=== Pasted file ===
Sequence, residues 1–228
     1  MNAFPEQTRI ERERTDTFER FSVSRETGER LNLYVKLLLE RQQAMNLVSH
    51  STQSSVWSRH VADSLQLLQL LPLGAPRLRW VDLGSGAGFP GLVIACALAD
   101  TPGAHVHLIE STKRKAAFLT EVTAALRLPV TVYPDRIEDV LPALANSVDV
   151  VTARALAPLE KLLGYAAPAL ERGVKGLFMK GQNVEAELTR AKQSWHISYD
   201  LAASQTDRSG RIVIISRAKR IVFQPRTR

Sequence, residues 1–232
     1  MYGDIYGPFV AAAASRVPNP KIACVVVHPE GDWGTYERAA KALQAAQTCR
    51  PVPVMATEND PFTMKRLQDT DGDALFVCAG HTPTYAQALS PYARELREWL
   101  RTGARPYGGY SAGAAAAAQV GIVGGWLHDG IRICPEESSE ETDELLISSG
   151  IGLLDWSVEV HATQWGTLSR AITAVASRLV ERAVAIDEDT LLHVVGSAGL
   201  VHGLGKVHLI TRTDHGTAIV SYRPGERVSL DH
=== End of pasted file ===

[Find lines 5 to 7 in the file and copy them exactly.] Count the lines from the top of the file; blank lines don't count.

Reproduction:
   151  VTARALAPLE KLLGYAAPAL ERGVKGLFMK GQNVEAELTR AKQSWHISYD
   201  LAASQTDRSG RIVIISRAKR IVFQPRTR

Sequence, residues 1–232